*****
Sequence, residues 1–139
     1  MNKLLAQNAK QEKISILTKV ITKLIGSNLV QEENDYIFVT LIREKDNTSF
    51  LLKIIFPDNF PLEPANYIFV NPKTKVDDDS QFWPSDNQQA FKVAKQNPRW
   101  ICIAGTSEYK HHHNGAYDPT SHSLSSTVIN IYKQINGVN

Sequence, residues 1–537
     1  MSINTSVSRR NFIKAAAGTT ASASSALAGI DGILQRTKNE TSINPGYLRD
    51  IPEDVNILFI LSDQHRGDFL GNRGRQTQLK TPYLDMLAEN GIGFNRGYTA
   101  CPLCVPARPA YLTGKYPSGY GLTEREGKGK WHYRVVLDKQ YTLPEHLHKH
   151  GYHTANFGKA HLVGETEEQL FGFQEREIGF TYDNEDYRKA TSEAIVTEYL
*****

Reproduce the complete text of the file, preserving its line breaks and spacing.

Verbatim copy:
Sequence, residues 1–139
     1  MNKLLAQNAK QEKISILTKV ITKLIGSNLV QEENDYIFVT LIREKDNTSF
    51  LLKIIFPDNF PLEPANYIFV NPKTKVDDDS QFWPSDNQQA FKVAKQNPRW
   101  ICIAGTSEYK HHHNGAYDPT SHSLSSTVIN IYKQINGVN

Sequence, residues 1–537
     1  MSINTSVSRR NFIKAAAGTT ASASSALAGI DGILQRTKNE TSINPGYLRD
    51  IPEDVNILFI LSDQHRGDFL GNRGRQTQLK TPYLDMLAEN GIGFNRGYTA
   101  CPLCVPARPA YLTGKYPSGY GLTEREGKGK WHYRVVLDKQ YTLPEHLHKH
   151  GYHTANFGKA HLVGETEEQL FGFQEREIGF TYDNEDYRKA TSEAIVTEYL